** Before you ask, no, my opinion on this argument has not changed even with Kobe getting ring #5**

    Over the next few months, several debates will start in every major sport (many already have) over what was the team of the decade, who the player of the decade was, etc.  For the last decade the two most dominant players in the NBA have been Kobe Bryant and Tim Duncan.  In terms of statistics, accolades and titles (Sorry KG), Duncan and Kobe have been head and shoulders above everyone else in the since the 1999-2000 season. Especially because of his recent individual and team success, many fans and members of the mainstream media have anointed Kobe as the player of the decade.  What those fans don’t realize is that in every aspect of the game, Tim Duncan has been the premiere player in the game since the Jordan era. 
    I’ve broken my argument down into three categories. Statistics, individual accolades and team success.  Stats are nice, certainly they’re important, but they should never be the determining factor of deciding who the better player is.  But since we’re here let’s look at the numbers:
Kobe Bryant: 28 ppg, 5.3 apg, 6.4 rpg, 25.26 per (1999-2000 season to 2008-2009 season)
Tim Duncan: 21.4 ppg, 3.5 apg, 11.7 rpg, 25.52 per (1999-2000 season to 2008-2009 season)
Pretty even, right?  Especially when you look at the player efficiency ratings.  I think on the surface you could even give the statistical edge to Kobe.  I think offensively Kobe has been a more dominant player, but Duncan has always been more capable of imposing his will on offense and defense. 

    This is where the argument really starts to turn in Duncan’s favor.  Individual accolades are still close, but Duncan has a clear edge here.  Take a look:
Kobe: 1 MVP, 1 Finals MVP, 7 All-NBA 1st Teams, 2 All-NBA 2nd Teams, 1 All-NBA 3rd Team, 7 All NBA Defensive 1st Team, 2 All NBA Defensive 2nd Teams, 10 All Star Selections, 4 NBA Titles
Duncan: 2 MVPs, 2 Finals MVPs (3 including ’99), 8 All NBA 1st Teams, 2 All NBA 2nd Teams, 8 All NBA Defensive 1st Teams, 2 All NBA 2nd Teams, 10 All Star Selections, 3 NBA Titles (4 including ’99).

     Again, what part of those numbers tell you Kobe is better?  We should also keep in mind that Duncan averaged 19 points a game, 11.5 rebounds and 3.5 assists a game during the 2007 finals when he had at least 2 players draped all over him, paving the way for Tony Parker to drive the lane early and often to earn the 2007 Finals MVP.   So Duncan should have 3 finals MVPs this decade and 4 total. His defining moment probably came through during Game 6 of the 2003 NBA Finals.  In a close out game, Duncan had 21 points, 20 rebounds, 10 assists and 8 blocks.  Find a better game Kobe had a more important stage?  It’s also important to mention that Duncan was the best player on all of those championship teams.  Kobe was only the best on one of them.  In the 2001-02, 2002-03 seasons, when Tim Duncan was the only All-Star on his team, the Spurs finished with the second best record in the league one season and won the NBA title the other season.  The three seasons Kobe was the only All-Star on the Lakers, they got bounced from the play-offs in the first round twice and missed them the other year.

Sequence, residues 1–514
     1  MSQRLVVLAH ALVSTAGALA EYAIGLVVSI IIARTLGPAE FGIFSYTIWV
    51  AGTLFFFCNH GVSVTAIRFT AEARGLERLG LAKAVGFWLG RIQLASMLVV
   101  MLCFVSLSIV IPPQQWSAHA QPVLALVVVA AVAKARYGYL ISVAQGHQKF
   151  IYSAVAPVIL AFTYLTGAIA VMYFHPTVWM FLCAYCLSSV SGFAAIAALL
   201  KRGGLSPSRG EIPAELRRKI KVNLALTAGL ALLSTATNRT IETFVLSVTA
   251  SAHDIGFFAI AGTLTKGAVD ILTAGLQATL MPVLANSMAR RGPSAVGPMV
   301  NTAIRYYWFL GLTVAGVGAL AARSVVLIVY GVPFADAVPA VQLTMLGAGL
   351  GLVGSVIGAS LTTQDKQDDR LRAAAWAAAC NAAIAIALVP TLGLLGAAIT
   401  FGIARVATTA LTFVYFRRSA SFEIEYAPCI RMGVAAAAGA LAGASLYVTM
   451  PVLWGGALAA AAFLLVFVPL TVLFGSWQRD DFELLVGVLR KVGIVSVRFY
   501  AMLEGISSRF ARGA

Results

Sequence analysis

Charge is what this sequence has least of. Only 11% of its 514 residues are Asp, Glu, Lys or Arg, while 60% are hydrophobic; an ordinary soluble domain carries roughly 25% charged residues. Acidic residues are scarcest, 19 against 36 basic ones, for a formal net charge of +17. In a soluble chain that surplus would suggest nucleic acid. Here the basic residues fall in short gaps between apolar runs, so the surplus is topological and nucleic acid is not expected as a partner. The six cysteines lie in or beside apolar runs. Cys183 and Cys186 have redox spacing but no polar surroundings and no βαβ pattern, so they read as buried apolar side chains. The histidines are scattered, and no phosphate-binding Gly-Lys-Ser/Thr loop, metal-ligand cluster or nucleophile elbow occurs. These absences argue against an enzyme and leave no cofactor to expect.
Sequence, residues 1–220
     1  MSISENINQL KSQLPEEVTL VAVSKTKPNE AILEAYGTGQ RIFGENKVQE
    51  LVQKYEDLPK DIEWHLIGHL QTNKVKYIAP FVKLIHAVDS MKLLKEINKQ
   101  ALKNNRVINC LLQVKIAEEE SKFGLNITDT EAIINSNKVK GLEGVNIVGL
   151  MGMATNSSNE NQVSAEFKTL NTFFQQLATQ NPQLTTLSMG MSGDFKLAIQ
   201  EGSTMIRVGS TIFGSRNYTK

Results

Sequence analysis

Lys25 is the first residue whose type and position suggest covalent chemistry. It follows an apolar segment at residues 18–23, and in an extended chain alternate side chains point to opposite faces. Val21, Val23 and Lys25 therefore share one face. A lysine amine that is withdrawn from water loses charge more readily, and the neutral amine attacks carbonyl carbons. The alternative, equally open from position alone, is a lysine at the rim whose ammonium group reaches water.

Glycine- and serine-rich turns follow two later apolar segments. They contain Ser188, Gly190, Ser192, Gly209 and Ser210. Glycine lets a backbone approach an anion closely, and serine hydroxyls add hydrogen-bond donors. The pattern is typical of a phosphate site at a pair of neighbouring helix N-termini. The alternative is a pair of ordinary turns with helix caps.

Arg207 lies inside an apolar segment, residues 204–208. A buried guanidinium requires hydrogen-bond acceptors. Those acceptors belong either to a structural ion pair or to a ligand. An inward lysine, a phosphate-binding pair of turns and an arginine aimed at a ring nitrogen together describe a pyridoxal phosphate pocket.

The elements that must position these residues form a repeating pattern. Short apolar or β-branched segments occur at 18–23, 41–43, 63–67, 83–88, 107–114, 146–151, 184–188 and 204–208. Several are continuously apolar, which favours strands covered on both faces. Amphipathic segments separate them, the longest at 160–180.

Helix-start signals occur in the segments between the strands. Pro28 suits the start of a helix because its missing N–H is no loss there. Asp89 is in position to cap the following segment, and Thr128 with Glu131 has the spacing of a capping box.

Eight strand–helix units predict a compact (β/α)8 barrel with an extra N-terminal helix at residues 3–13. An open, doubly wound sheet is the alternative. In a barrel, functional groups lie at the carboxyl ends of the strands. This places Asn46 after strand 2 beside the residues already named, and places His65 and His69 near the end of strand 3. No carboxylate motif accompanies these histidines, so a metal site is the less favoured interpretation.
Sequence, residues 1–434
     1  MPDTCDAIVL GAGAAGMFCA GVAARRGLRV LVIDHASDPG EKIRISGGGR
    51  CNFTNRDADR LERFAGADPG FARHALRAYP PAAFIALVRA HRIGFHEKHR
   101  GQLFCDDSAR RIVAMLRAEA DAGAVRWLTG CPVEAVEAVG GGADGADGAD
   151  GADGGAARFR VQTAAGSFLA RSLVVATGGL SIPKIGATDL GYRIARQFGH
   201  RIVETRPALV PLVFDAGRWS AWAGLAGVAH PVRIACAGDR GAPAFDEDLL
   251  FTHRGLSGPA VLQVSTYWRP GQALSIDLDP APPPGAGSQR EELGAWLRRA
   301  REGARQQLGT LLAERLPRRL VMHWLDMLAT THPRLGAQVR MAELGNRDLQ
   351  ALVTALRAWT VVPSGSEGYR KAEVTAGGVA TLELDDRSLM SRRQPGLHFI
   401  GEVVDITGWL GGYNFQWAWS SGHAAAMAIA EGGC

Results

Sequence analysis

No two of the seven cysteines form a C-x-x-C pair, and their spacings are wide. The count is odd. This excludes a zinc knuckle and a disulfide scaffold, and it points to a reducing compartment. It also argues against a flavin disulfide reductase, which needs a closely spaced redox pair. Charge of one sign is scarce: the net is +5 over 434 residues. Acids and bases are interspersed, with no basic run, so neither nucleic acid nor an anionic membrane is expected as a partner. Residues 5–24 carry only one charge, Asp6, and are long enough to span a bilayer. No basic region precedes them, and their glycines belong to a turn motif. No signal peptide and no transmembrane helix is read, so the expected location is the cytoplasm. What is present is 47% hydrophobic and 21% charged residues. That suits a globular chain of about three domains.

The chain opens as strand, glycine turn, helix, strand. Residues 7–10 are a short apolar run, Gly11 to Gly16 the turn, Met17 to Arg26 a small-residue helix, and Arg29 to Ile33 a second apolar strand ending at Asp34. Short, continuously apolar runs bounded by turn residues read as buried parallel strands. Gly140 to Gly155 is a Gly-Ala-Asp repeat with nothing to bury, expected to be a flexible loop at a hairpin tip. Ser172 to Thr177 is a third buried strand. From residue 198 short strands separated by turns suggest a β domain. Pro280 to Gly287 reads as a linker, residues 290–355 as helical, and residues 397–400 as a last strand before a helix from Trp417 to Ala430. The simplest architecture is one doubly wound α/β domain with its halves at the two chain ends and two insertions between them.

The last part of my argument is the strongest; Team success.  Tim Duncan’s San Antonio Spurs have the highest winning percentage of any NBA team from 1999-2000 to 2008-2009 and have won 81 play-off games during that span.  Kobe’s Lakers have won 98 playoff games over that same span.  Over that same span, Duncan’s Spurs never missed the play-offs and won 53 games or more over that span.  Kobe’s Lakers won less then 50 games three times and less then 40 games once.  During that time, Kobe threw several of his teammates under the bus, most notably Andrew Bynum in the summer of 2007 when he was caught on tape in disbelief that Mitch Kupchack didn’t trade Bynum for Jason Kidd.  The Lakers should also have at least one more title when the Lakers imploded during the 2003-2004 season.  Again, Kobe was at the center of that controversy because he couldn’t stand Shaq or sharing the spotlight with him. 
    I don’t think it can be argued that Duncan throughout his career has made his teammates better.  He has had no problem letting the offense flow through Tony Parker. Could you ever see Kobe Bryant willfully letting the offense flow through someone else?  Could you ever see Tim Duncan holding an organization hostage and demanding this player be traded or that player be traded? No, Duncan is a leader through and through.  With the exception of complaining to officials (we all know what the stunned Tim Duncan face looks like), Duncan keeps his mouth shut and leads by example.  The difference between Duncan and Kobe is players want to play with Duncan because he’s a great leader and great teammate.  The seasons from 2004 to 2007 show Kobe is far from a leader.  I think it’s the leadership quality more then anything that separates Tim Duncan from Kobe Bryant.